In 2000, UCSC art student set up an installation on the Water Street bridge in the form of signs that read,”No Lynching, Including nights, weekends, and holidays.” Alex Cabunoc did not receive permission from the city council to do this. This is an example of one of the few attempts made to publicly acknowledge this event. The article was published in the Santa Cruz Sentinel and is available in the online archive Newsbank.

Carrigan, William D., and Webb, Clive. Forgotten Dead: Mob Violence Against Mexicans in the United States, 1848-1928. Cary: Oxford University Press USA - OSO, 2013. Accessed March 10, 2019. ProQuest Ebook Central.

This book, published in 2013, is a detailed analysis of the way that violence against members of the Chicanx community goes unrecognized. The thousands of lynched Mexicans, overlooked by historians and activists alike, make up the “Forgotten Dead.”

Dunn, Geoffrey. Santa Cruz is in the Heart : Selected Writings on Local History, Culture, Politics & Ghosts Capitola, Calif: Capitola Book Company, 1989. Published in the late eighties, Geoffrey Dunn’s Santa Cruz is in the Heart remains a keystone of the study of Santa Cruz History. The book is available at the Santa Cruz Public Library.

Dunn, Geoffrey. "Santa Cruz's Most Notorious Lynching." November 12, 2013. Accessed March 11, 2019.

This edited excerpt from Santa Cruz is in the Heart is probably the reason that many people know of this event. It contains a composite narrative, drawn from articles published in various newspapers at the time.

Gonzales-Day, Ken. Lynching in the West: 1850-1935. Durham, NC: Duke University Press, 2006.

Historian Ken Gonzales-Day explores the ways that mob lynchings have shaped racial politics in California, Nevada, Arizona, and New Mexico.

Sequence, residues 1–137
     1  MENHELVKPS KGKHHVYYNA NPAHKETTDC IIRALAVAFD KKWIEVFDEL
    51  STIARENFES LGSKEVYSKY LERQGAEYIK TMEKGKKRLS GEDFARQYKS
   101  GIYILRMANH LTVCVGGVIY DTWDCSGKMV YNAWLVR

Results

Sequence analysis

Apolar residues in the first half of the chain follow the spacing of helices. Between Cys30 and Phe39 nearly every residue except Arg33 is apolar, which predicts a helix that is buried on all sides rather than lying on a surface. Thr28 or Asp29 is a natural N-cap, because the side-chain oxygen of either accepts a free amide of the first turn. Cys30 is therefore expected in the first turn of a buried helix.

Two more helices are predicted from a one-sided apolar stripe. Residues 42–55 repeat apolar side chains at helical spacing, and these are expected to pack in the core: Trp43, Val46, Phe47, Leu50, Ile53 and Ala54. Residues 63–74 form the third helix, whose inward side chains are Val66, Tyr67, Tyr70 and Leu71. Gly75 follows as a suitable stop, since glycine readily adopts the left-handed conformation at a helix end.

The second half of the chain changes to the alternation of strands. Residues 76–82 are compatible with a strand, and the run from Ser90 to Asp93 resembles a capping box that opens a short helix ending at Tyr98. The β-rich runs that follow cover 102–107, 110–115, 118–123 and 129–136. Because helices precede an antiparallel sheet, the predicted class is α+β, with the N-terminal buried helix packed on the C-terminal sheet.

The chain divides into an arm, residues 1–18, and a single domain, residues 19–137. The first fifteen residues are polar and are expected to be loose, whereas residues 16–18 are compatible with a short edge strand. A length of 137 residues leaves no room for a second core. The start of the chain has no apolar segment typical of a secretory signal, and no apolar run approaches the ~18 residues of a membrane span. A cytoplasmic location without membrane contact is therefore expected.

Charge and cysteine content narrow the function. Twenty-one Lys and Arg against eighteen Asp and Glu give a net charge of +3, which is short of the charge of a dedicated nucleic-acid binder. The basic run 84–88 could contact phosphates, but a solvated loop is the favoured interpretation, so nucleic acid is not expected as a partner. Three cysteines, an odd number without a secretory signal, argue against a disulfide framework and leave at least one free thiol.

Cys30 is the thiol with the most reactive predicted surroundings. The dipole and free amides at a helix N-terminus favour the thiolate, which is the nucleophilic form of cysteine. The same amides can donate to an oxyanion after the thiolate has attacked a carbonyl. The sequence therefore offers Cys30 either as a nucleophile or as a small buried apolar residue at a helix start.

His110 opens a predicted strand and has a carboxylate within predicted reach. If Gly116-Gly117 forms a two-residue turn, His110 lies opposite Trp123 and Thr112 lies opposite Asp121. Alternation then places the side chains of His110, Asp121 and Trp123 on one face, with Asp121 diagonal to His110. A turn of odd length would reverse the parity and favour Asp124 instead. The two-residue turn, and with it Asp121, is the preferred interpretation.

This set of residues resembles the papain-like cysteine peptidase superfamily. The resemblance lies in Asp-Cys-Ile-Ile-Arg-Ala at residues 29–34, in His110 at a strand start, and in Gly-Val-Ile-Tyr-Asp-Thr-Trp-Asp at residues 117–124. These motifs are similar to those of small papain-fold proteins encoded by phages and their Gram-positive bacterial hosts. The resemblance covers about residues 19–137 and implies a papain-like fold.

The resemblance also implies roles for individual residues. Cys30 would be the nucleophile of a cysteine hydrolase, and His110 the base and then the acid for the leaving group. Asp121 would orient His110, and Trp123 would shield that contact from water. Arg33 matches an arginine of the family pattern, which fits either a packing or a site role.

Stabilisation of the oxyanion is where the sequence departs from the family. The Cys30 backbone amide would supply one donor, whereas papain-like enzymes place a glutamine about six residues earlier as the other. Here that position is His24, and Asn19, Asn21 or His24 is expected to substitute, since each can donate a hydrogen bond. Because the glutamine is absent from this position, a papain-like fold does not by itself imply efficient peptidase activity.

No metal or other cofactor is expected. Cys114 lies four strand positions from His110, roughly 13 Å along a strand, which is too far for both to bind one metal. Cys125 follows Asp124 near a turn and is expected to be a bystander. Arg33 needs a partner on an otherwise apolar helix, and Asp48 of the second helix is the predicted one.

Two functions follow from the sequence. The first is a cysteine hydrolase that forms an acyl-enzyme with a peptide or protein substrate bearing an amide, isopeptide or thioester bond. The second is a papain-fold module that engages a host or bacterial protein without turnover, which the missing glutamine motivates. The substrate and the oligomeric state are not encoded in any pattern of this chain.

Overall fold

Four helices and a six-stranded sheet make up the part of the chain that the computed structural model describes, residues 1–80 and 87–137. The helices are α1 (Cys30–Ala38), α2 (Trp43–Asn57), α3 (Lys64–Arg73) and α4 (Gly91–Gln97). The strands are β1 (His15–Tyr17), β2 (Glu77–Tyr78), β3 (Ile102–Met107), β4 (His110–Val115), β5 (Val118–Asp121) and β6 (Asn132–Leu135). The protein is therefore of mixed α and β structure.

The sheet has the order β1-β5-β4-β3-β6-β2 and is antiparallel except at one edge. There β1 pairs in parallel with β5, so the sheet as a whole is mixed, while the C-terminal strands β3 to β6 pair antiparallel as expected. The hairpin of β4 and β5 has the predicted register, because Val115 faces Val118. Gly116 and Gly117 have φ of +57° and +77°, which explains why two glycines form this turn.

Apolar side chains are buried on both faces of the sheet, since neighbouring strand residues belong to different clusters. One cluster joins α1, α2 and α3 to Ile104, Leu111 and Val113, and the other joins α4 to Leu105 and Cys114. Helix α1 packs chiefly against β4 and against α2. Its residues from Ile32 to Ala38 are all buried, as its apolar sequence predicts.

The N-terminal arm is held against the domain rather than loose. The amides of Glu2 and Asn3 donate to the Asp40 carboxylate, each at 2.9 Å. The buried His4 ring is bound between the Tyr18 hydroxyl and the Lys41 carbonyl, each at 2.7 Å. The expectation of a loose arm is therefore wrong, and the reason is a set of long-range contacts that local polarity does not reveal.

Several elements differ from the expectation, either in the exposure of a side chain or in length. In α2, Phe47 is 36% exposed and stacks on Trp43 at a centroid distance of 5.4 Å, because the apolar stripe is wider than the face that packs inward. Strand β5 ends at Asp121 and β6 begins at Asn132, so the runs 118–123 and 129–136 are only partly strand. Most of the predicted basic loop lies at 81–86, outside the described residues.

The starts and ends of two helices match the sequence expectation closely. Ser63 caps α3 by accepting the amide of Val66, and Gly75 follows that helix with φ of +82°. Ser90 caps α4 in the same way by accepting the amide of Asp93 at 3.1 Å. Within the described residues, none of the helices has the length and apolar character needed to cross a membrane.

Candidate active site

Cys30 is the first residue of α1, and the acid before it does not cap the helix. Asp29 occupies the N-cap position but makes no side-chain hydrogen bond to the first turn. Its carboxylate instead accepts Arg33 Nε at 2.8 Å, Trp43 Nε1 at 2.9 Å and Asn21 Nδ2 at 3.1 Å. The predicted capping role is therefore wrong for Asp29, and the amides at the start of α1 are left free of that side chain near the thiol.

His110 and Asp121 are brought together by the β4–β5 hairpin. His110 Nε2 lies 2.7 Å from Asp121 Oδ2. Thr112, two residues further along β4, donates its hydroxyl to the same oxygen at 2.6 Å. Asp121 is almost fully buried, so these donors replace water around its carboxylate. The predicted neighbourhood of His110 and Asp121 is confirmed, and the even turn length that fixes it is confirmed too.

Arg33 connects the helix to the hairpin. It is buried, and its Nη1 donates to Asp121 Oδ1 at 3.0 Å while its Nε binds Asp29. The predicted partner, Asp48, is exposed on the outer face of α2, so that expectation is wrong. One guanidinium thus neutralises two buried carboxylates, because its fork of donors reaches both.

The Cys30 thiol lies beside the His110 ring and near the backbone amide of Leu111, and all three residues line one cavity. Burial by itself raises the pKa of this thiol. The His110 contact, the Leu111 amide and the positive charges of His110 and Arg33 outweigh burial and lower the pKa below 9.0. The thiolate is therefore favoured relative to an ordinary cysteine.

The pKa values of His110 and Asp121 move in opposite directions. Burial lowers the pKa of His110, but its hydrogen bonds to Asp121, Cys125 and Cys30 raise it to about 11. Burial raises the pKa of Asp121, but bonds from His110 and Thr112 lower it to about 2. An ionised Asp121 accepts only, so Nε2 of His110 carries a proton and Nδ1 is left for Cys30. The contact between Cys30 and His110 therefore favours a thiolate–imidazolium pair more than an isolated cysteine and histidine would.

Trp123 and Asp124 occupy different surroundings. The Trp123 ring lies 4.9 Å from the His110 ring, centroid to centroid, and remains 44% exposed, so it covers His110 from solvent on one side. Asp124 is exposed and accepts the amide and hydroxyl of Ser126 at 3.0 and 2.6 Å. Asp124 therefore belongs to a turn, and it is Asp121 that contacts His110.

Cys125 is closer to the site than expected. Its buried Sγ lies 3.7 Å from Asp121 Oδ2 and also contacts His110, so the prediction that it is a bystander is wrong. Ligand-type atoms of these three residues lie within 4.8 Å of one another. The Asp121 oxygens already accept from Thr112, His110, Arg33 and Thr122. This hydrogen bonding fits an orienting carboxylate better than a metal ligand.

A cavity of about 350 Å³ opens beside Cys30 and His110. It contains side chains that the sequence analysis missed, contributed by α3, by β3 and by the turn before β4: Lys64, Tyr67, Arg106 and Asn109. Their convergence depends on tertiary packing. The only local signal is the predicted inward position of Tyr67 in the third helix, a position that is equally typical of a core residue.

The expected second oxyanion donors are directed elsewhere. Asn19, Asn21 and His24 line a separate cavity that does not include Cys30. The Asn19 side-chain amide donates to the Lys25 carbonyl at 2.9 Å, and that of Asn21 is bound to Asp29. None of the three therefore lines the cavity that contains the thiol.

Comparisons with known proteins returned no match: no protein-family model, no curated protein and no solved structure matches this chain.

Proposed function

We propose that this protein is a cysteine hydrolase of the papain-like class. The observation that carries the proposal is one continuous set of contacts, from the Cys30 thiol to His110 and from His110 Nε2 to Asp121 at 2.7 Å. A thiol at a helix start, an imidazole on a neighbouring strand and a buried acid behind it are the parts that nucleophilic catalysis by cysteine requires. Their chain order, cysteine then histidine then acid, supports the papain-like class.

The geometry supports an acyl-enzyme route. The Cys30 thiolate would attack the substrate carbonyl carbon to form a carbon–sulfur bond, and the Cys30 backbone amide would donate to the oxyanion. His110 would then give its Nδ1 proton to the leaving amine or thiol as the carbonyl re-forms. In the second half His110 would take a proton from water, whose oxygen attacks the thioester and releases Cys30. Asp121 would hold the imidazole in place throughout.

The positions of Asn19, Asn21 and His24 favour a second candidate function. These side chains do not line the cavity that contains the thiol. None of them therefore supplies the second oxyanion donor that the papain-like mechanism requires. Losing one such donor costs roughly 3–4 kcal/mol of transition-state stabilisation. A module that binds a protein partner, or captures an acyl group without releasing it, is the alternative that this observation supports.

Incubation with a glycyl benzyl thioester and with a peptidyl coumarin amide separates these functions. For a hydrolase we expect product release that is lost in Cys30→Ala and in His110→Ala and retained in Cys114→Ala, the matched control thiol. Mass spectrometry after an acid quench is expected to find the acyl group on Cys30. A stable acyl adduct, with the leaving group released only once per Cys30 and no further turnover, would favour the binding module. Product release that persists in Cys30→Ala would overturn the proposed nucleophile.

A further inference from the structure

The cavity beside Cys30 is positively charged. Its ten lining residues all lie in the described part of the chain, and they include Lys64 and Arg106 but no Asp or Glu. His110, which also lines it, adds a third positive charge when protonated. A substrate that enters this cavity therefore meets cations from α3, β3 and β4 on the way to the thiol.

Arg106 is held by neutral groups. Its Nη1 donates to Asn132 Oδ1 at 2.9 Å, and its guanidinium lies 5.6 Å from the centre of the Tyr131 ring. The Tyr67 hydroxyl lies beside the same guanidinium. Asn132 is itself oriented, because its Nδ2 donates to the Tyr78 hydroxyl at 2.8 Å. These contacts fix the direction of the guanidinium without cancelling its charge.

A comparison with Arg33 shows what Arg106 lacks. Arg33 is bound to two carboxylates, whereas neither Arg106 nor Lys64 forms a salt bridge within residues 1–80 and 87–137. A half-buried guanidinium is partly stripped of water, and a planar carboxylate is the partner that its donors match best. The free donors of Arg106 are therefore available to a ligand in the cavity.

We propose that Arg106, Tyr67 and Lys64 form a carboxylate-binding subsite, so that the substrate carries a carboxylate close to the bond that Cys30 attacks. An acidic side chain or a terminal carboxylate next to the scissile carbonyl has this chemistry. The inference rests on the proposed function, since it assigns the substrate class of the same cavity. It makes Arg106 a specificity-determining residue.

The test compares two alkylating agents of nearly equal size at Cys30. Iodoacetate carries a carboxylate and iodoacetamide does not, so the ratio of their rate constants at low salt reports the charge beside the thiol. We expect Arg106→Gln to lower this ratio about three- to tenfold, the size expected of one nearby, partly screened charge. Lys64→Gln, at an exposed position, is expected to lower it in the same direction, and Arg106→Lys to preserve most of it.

Kulczyk, David. California Justice: Shootouts, Lynchings and Assassinations in the Golden State. Sanger, CA: World Dancer Press, 2008.

In an account similar to the one written by Bellesiles, Kulczyk explores the ways that white Californians enacted racial terror.

Romero, Simon. "Lynch Mobs Killed Latinos Across the West. The Fight to Remember These Atrocities Is Just Starting." The New York Times, March 2, 2019. Accessed March 10, 2019.

This article, published on the 2nd of this month, details the ways in which forgotten lynched latinos are only now being remembered and memorialized. This is a signifier of what could be a nationwide movement towards recognition of racism against the latinx population.

Unknown Author. "Murder-Arrest-Strangulation." The Santa Cruz Sentinel, May 3, 1877. Accessed March 10, 2019.

This article is the first written about the event, two days after it happened. It includes one of the many disputed narratives. The article is available on microfilm in the genealogy section of the Santa Cruz Public Library, as well as on

Yamane, Linda. A Gathering of Voices The Native Peoples of the Central California Coast - Santa Cruz County History Journal # 5. Vol. 5. Santa Cruz, CA: Museum of Art and History, 2002.

Ohlone artist, performer, and scholar Linda Yamane has collected oral histories, writings, poems, and illustrations from Ohlone and other indigenous people. It includes poems and accounts of the lynching, as the two men were part Native American.
§Hanging at Water Street Bridge on May 2, 1877
by Santa Cruz News Sunday May 19th, 2019 12:36 AM
Francisco Arias and José Chamales were killed by a lynch mob in downtown Santa Cruz, as pictured in this historical photo.
§Agenda Report
by Santa Cruz News Sunday May 19th, 2019 12:36 AM

Comments  (Hide Comments)

by untimelydivisions
Sunday Aug 25th, 2019 4:48 AM
There were mass lynchings in the years following the wars fought by the US to take the Californio and Mexican territories. Immediately during the Gold Rush, many Californio, Indian and Mexican miners used a successful technique of 'dry-digging' brought from Sonora. Early lynchings over gold theft imposed a racial regime sometimes compared to Jim Crow. The Californio wikipedia, Tiburcio Vasquez, and related history books accounting for these years with bounties on Indians in the area serve as useful context for why a memorial holds due significance.
In 2011 at the time of Occupy I wrote an homage to this cruz de las calles:
by William Beene
Monday Sep 2nd, 2019 12:13 AM
Purely revisionist history for justice done on two murderers. Both had prior convictions for robbery , one had a prior conviction for murder . Makes no difference they were Hispanic ....had they been white , they would have been hung too. Read ALL of the May 1877 news article.